The percentage of children in the age group of six to 14 years who are out of school has decreased in Mysore division comprising Mysore, Mandya, Chamarajnagar, Hassan, Kodagu, Chikmagalur, Dakshina Kannada and Udupi districts, according to the Annual Status of Education Report (ASER)-2012 for Rural Karnataka which was released in Mysore recently. The annual study was facilitated by Pratham.

The divisional estimates of ASER-2012 for Rural Karnataka which have been accessed by The Hindu , reveal that the percentage of children who were out of school in 2012 was 0.45, while it was 1.20 in 2011 and 1.69 in 2010.

The report states that the percentage of children (six to 14 years of age) enrolled in private schools had increased.

In 2012, 26.56 per cent enrolled in private schools while it was 26.51 in 2011.

With regard to learning levels among children studying in Standards I and II, the percentage of children who can read letters or more was 90.59 in 2012.

If the data of 2011 was compared, the learning levels are on the decline since the percentage of children who could read letters or more in that year was 91.03 per cent.

The percentage was even higher in 2010 at 93.99. In 2008 and 2009, it was 89.99 and 91.53 respectively, according to the estimates.

Also, the percentage of children in Standards I and II who could recognise numbers from 1 to 9 or more is also declining in Mysore division. According to the ASER-2012 report, 89.55 per cent of children in the division could recognise the numbers from 1 to 9 or more in 2012. This was 90.56 per cent in 2011 and 90.99 percent in 2010.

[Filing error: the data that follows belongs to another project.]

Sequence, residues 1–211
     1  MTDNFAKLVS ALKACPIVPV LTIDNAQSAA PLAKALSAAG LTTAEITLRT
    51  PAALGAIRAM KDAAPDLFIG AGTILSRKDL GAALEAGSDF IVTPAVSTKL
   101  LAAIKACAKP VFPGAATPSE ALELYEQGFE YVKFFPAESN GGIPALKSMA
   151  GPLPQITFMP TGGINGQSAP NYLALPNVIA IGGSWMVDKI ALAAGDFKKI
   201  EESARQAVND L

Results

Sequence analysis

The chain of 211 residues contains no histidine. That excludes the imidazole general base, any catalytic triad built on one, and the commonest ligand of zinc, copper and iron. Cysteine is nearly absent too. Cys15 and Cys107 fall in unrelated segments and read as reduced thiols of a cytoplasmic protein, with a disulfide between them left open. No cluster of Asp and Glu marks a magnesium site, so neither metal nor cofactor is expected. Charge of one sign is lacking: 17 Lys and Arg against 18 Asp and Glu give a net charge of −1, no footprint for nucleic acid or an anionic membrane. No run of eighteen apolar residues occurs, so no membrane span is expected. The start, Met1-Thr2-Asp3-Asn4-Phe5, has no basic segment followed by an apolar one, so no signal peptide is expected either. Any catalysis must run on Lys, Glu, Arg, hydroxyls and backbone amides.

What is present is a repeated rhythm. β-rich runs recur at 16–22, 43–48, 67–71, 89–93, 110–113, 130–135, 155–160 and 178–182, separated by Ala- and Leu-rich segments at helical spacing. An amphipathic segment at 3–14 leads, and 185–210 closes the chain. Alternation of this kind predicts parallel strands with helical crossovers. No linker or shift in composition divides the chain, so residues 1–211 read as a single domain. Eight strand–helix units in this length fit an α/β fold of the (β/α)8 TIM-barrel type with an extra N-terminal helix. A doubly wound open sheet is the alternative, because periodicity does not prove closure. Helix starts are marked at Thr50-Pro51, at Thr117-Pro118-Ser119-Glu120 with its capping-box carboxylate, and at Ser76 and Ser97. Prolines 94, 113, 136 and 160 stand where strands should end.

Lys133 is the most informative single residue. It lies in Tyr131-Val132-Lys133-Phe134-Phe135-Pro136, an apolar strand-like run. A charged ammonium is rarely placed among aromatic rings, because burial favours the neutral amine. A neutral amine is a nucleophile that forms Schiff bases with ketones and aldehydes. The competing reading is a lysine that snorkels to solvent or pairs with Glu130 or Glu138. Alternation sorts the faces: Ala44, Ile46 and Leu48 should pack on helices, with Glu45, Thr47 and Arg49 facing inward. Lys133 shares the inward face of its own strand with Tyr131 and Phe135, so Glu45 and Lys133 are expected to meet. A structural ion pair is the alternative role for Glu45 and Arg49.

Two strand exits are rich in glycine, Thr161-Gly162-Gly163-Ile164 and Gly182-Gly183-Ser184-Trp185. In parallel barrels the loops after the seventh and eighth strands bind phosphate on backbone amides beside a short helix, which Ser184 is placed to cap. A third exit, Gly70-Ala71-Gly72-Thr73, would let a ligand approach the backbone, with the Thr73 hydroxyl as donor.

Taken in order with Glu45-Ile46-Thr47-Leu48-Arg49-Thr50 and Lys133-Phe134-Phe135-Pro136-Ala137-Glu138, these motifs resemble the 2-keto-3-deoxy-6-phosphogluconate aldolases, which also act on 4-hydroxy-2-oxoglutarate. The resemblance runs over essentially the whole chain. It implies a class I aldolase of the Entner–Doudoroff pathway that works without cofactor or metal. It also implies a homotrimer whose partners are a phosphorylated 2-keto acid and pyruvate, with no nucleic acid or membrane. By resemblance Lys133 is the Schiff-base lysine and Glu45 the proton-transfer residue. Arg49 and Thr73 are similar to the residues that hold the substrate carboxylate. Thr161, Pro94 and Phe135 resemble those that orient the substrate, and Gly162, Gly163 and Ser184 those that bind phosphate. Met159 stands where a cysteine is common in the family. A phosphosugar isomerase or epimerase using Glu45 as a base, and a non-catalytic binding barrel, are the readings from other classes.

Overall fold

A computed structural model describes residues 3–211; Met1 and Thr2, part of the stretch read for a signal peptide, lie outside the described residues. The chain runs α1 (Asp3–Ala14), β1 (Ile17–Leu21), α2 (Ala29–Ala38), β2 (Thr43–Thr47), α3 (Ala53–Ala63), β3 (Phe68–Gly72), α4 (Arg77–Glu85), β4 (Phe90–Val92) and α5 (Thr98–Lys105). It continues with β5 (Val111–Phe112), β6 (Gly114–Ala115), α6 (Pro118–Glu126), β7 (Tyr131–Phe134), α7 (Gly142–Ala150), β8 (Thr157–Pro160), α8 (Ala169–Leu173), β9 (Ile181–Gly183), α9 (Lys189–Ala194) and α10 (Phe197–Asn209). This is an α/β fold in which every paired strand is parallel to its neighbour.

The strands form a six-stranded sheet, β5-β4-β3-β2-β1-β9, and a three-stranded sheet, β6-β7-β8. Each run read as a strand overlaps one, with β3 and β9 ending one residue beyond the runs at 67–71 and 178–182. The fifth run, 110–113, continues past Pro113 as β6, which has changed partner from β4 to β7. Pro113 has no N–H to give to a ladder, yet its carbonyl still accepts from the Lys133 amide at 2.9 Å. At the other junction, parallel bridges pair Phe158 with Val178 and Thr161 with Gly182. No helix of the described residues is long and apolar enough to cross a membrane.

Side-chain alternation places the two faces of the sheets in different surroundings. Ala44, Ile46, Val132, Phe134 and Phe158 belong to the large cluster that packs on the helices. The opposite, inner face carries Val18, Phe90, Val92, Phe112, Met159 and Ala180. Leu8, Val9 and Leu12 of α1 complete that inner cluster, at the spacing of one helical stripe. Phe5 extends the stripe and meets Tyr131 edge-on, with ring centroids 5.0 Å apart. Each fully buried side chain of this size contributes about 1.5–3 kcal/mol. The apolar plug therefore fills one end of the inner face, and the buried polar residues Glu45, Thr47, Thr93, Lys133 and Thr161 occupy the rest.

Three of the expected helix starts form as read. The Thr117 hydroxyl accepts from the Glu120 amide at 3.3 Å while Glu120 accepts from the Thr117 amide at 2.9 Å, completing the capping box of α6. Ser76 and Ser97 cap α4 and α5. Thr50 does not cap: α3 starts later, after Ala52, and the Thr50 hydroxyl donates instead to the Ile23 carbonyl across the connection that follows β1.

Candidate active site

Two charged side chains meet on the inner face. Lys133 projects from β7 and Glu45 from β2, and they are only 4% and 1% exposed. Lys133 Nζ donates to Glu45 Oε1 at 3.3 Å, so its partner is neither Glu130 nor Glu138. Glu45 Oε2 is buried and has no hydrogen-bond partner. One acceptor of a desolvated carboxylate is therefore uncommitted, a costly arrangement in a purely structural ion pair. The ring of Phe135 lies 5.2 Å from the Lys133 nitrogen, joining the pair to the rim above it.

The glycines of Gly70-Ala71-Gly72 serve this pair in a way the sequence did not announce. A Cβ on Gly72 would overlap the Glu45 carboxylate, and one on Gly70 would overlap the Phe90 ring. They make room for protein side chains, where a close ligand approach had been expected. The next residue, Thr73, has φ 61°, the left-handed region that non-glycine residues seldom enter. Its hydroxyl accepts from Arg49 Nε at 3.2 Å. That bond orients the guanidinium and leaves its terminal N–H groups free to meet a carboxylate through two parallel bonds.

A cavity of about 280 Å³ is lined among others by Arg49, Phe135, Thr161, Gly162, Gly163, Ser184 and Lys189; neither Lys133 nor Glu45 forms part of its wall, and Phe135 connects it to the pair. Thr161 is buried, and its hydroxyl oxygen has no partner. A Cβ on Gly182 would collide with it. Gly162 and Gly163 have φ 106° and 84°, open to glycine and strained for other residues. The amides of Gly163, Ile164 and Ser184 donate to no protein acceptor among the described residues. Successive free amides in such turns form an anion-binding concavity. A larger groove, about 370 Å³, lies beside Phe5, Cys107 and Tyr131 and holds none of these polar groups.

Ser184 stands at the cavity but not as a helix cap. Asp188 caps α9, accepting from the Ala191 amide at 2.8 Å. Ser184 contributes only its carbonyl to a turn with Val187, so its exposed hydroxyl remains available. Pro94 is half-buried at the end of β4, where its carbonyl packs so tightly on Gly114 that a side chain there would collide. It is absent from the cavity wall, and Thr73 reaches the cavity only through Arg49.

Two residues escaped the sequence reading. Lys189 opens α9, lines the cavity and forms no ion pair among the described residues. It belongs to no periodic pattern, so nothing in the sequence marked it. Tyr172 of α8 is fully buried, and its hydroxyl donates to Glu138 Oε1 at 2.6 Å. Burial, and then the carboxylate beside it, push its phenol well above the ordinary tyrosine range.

Learning level

Even the learning level among children in Standard III and V is also on the decline. In 2012, the percentage of children who can read Standard 1 text or more was 67.65 whereas the percentage was 71.15 in 2011 and 72.50 in 2010.

Even the national-level private school enrolment has been rising steadily since 2006, the report states. It is also rising in Mysore division. The percentage of six to 14-year-olds enrolled in private schools rose from 18.7 in 2006 to 25.6 in 2011. In 2012, the number further increased to 28.3 per cent.

The increase is almost equal in primary (Standard I to V) and upper primary (Standard VI to VIII) classes.

In 2012, among all private schoolchildren (age 6 to 14 years), 57.9 per cent were boys.

The findings of ASER-2012 suggest that the private school enrolment in rural areas has been on the rise at an annual rate of 10 per cent since 2009. “If this trend continues, by 2018, India will have 50 per cent of children in rural areas enrolled in private schools,” the report stated.

Even as the number of children enrolled in private schools has shown marginal rise in Mysore division, the enrolment numbers remain very high at the national level, at over 96 per cent. This is the fourth consecutive year that enrolment levels have been 96 per cent or more, according to the report.

Nationally, the proportion of children (age 6 to 14 years) who are not enrolled in school has gone up slightly from 3.3 per cent in 2011 to 3.5 per cent in 2012.

Weak foundation

Pratham Mysore Managing Trustee Ashvini Ranjan, at the launch of ASER-2012 for Rural Karnataka in Mysore recently, expressed concern over the decline in reading levels among children and said learning could not happen on a “weak” foundation.

He suggested that the concerns have to be addressed on priority basis for a strong education foundation. Other than Karnataka, Andhra Pradesh and Kerala, all major States have registered a substantial drop in arithmetic learning levels.

The report said that 49 per cent of students in Standard VII can read simple sentences in English.

Reading task

In the ASER 2012 study, children were given a set of simple English reading and comprehension tasks. Across rural India, 48.9 per cent enrolled in Standard V could read English words or more; and 22.5 per cent could read simple English sentences.

Among all children in Standard VIII, 47 per cent could read sentences. Of those who could read words and sentences, well above 60 per cent could convey the meaning in their own language, the report states.

Shankar Bennur

A look at the Annual Status of Education Report (ASER)-2012 for rural Karnataka